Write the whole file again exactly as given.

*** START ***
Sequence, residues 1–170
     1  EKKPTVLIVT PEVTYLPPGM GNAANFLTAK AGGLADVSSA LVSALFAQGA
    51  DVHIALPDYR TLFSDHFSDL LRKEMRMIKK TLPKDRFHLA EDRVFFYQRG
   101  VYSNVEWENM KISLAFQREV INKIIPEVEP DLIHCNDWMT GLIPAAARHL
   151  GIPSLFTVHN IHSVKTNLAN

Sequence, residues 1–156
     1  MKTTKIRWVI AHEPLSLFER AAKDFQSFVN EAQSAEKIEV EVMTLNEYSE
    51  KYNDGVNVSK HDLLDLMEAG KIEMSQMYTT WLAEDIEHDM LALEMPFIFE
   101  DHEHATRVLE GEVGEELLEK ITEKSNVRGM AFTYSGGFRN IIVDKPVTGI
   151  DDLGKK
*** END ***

Sequence, residues 1–170
     1  EKKPTVLIVT PEVTYLPPGM GNAANFLTAK AGGLADVSSA LVSALFAQGA
    51  DVHIALPDYR TLFSDHFSDL LRKEMRMIKK TLPKDRFHLA EDRVFFYQRG
   101  VYSNVEWENM KISLAFQREV INKIIPEVEP DLIHCNDWMT GLIPAAARHL
   151  GIPSLFTVHN IHSVKTNLAN

Sequence, residues 1–156
     1  MKTTKIRWVI AHEPLSLFER AAKDFQSFVN EAQSAEKIEV EVMTLNEYSE
    51  KYNDGVNVSK HDLLDLMEAG KIEMSQMYTT WLAEDIEHDM LALEMPFIFE
   101  DHEHATRVLE GEVGEELLEK ITEKSNVRGM AFTYSGGFRN IIVDKPVTGI
   151  DDLGKK